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Reply by jamessulis, Apr 7, 2012.

Thanks for all the educated information posted. I rely on Snooth as my information center when it comes to Wine and Spirits.

Prior to moving to the State of Washington in 2008, my home was just outside Chicago where I was born. We had a Show Horse Farm and had trainers flown in from Oregon and Washington. Every trip they made they always stuffed a few bottles of hard liquor in their return luggage as they couldn't believe how inexpensive it was by comparison. For example: Canadian Club (the large one, is it 1.75 litre?) was always $19.95 and in 2010 on a return for vacation, it still was $19.95. Here in Washington the same product is $32.-- to $34 dollars. This is all due to different states taxes on alcohol and I am guessing as I don't know the reason. I am hoping free enterprize will reduce the price and offer greater selections, I will have to rely on the future to tell me. I am an Optimist. 

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Reply by gregt, Apr 8, 2012.

Zuf - I for one am willing to be convinced. If some degree of state intervention helps manage the social disbenefits of alcohol, we should see fewer alcohol related issues in states where that is the rule - fewer alcoholics, fewer accidents, fewer crimes, fewer problems all around. If we don't see these declines, what is the trade off? Moreover, if the state is going to be a participant in the market rather than an umpire, wouldn't the same benefits be found in the market for clothing, food, housing, cars and transportation, gardening implements and flowers, computers, and pretty much anything?

Taxes of course are another story. James - they're going to get you some way. If it's not excise taxes, it's sales or income or property or something.

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Reply by duncan 906, Apr 8, 2012.

Here in Britain we do have a problem with'the social disbenefits of alchol'One very obvious problem is the number of young people who indulge in 'binge drinking' in our town centres on weekend evenings.The police have to deal with those who become drunk and disorderly or get into fights or have accidents and the NHS casualty departments are inundated.There are also older and better behaved people who consistently drink too much to the detriment of their long term health and again this places stress on the NHS.The government has responded to these issues with a public information campaign to educate the public as to the dangers of alchol overcopnsumption.A man should not consume more than two bottles of wine or equivalent per week and a woman one.The drinks industry however is a well-funded and powerful lobby who spend a lot of money wining and dining members of parliament and local councilloprs and HM Treasury gets a lot of tax revenue from all the alchol sold so it is unlikely that Britain will ever go for state control of alchol sales.David Cameron is known to favour taxing drink by the number of units of alchol but the Opposition Labour party [who see the world in terms of class war ] feel that this means that only the rich would be able to afford to drink.Another point is that if the government increases the price of alchol then all the ferry operators and all the shopkeepers in Calais are going to be rubbing their hands with glee because under EU rules [which the British government cannot change] a person can bring back as much alchol as he likes as long as it is for his own use as opposed to resale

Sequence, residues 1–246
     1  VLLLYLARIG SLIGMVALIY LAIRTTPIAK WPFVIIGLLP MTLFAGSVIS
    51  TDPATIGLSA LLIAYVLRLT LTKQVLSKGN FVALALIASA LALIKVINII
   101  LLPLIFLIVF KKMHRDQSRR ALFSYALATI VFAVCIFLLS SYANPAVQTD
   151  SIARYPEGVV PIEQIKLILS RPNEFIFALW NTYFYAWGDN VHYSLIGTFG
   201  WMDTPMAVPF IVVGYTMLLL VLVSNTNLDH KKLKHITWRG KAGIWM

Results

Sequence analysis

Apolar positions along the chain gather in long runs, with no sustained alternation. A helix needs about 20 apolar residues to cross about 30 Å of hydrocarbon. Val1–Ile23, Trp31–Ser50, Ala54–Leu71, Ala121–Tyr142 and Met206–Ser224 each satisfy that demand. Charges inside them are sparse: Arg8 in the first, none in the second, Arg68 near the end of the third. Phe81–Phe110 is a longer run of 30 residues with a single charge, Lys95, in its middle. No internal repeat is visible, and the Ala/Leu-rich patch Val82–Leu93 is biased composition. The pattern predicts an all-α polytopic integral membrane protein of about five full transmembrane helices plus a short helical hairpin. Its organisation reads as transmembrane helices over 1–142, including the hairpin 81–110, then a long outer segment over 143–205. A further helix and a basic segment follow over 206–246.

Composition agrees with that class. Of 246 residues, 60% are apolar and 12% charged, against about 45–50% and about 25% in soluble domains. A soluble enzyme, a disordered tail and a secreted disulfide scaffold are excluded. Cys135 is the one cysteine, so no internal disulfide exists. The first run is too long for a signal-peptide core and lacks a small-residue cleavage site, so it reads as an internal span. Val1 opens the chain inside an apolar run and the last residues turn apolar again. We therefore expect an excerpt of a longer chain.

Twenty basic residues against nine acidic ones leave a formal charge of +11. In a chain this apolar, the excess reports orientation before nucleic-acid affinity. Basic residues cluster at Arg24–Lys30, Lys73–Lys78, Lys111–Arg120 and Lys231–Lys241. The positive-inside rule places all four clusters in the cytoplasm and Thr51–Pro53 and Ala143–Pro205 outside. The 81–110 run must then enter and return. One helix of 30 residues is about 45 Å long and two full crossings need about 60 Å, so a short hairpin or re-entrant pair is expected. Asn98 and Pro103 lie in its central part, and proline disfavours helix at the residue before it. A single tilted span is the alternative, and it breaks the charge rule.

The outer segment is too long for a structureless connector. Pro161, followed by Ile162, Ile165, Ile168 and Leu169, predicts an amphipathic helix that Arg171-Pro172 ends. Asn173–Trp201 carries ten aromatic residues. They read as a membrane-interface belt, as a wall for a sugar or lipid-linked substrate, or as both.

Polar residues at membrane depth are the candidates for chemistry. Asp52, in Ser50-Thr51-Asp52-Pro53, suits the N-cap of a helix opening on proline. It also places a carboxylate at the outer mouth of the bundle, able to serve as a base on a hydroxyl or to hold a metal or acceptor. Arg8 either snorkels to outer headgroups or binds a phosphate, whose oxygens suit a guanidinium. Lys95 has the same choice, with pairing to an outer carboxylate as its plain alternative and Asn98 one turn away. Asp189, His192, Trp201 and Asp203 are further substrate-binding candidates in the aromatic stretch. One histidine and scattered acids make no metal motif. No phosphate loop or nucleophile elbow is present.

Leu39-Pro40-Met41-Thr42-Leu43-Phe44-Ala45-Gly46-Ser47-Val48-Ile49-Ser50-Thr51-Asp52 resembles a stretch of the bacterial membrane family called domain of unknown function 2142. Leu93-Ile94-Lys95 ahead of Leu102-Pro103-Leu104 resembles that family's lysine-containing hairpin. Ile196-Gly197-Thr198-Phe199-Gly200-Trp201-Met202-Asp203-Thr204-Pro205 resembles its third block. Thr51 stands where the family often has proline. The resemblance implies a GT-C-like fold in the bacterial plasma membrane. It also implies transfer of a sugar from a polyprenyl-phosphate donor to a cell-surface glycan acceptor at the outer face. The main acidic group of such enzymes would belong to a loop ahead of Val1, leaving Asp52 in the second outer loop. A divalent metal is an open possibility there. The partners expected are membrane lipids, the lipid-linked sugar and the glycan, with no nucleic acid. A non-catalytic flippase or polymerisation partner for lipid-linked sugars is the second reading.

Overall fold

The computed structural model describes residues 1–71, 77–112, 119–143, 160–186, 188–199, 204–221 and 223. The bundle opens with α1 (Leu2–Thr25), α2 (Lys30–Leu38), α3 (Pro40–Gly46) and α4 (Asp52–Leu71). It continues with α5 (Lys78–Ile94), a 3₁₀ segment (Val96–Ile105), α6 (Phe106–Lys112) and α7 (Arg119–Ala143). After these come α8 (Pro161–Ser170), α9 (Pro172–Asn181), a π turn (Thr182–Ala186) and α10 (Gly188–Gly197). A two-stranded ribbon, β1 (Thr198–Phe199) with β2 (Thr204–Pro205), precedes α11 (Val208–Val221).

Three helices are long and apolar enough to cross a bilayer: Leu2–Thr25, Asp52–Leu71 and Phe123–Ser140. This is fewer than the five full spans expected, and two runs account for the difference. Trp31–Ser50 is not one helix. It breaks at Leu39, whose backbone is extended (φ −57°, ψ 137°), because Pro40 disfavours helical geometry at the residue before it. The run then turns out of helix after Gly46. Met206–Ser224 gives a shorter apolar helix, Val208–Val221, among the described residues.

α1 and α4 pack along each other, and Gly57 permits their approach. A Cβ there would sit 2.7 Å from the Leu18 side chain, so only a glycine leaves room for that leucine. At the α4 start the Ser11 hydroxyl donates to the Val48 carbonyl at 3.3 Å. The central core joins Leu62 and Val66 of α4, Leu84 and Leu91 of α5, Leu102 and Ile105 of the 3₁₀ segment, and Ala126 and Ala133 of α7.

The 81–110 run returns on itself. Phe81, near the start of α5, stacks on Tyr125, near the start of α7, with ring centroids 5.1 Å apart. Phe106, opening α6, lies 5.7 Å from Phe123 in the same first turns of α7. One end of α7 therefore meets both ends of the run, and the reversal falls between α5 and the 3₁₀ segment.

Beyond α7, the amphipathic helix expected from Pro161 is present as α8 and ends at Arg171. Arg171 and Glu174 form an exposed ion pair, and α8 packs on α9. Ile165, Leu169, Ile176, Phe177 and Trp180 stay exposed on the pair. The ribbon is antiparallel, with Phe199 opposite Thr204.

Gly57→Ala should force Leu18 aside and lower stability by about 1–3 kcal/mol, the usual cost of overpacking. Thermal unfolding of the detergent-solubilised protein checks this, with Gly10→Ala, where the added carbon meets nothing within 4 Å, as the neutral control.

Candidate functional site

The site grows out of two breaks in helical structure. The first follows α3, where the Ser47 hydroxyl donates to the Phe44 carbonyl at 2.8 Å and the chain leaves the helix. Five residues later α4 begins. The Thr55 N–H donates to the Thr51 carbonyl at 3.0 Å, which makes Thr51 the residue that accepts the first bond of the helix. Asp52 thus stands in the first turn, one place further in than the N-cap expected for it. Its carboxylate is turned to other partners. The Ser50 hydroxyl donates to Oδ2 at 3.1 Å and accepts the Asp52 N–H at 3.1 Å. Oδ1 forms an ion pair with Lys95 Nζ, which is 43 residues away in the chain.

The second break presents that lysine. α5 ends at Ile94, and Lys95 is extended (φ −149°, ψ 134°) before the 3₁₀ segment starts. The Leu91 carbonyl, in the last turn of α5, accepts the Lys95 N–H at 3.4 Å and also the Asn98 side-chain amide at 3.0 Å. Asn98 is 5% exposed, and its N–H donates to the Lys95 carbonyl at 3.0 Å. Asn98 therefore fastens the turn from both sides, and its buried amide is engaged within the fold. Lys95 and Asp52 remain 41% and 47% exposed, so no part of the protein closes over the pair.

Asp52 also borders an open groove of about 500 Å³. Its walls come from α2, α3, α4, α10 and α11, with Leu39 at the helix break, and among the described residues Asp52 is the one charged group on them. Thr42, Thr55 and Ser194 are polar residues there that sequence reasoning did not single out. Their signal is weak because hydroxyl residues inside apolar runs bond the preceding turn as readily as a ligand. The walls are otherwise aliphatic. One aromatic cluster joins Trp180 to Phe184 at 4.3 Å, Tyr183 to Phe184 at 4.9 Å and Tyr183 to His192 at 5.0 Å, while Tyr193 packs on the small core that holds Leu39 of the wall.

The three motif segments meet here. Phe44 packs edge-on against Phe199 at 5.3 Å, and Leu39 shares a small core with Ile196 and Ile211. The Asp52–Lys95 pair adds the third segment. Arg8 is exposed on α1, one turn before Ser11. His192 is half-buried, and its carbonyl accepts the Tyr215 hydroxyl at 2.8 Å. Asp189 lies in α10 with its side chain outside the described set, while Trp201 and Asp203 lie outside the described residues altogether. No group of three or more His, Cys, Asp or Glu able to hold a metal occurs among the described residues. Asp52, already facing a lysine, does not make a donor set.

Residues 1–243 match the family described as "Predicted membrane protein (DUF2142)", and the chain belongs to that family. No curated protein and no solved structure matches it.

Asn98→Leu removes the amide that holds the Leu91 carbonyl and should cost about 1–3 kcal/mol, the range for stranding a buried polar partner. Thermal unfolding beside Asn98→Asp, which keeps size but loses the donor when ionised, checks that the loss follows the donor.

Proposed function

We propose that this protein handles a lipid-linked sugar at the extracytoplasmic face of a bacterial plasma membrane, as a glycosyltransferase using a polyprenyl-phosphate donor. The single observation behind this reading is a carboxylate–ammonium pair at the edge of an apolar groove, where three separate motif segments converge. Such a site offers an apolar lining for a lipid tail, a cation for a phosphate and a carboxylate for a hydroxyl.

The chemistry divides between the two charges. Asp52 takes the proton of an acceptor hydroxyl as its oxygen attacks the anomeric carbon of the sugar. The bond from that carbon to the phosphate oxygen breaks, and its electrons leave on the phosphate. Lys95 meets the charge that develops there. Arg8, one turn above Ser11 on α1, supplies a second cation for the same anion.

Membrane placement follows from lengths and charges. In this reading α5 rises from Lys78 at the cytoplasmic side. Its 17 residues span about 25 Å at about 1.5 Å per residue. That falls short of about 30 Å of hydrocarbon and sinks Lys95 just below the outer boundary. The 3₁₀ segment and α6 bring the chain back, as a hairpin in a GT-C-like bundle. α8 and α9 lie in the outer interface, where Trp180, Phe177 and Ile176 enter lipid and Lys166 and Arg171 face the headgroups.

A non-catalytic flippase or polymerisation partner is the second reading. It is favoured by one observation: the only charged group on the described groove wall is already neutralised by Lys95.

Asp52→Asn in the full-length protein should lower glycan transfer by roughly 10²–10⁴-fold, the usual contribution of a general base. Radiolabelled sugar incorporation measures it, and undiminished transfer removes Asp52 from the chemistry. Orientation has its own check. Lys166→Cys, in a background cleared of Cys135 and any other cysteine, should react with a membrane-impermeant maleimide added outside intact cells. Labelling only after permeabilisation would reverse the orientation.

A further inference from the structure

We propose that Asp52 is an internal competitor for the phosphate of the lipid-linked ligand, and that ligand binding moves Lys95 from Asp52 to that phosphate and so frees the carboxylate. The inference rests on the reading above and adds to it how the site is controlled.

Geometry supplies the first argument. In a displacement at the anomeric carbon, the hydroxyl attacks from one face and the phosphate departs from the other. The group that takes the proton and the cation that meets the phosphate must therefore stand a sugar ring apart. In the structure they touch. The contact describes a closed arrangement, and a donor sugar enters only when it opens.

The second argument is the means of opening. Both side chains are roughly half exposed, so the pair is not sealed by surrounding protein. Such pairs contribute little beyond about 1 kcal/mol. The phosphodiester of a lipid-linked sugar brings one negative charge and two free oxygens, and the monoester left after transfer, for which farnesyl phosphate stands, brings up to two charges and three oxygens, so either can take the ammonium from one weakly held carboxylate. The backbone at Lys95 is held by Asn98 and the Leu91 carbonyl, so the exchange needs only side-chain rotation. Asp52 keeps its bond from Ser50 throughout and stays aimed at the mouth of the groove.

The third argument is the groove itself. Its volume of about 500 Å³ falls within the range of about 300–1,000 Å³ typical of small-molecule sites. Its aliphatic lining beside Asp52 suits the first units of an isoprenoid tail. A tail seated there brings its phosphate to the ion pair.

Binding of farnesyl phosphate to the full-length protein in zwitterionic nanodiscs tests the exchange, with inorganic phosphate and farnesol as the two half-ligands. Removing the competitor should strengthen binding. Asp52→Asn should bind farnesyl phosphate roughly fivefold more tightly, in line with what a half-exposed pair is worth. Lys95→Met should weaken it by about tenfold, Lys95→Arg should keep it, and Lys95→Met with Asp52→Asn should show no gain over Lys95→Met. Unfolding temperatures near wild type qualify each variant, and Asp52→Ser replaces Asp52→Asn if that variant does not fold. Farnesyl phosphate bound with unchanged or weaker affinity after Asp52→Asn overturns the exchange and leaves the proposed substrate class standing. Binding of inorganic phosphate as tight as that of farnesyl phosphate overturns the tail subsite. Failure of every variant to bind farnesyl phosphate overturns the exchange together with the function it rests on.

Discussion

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Reply by gregt, Apr 8, 2012.

"The drinks industry however is a well-funded and powerful lobby who spend a lot of money"

Yep.  World wide.

It would seem tho, that the wine business, or at least the "fine wine" business, is not so much the problem as the lower end stuff -  beer and cheap liquor. If the point is to get drunk, there's little need to lay out $30 bucks for a bottle of wine when you can pick up a half-pint of vodka and get wasted faster and cheaper. It's on reason the US Supreme Ct rejected the argument that somehow states were protecting children by restricting interstate wine sales.

BTW - just read an article noting that several states are expected to free up wine and liquor from state control because they need the money and will save since they're not going to be paying for staff and maintenance of the properties.  It's kind of funny in a way - only the government can figure out how to lose money from running the "vice" businesses.  In NYC, the gov't used to run off track betting.  How can you possibly lose money from that?  They did.

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Reply by jamessulis, Apr 8, 2012.

GregT,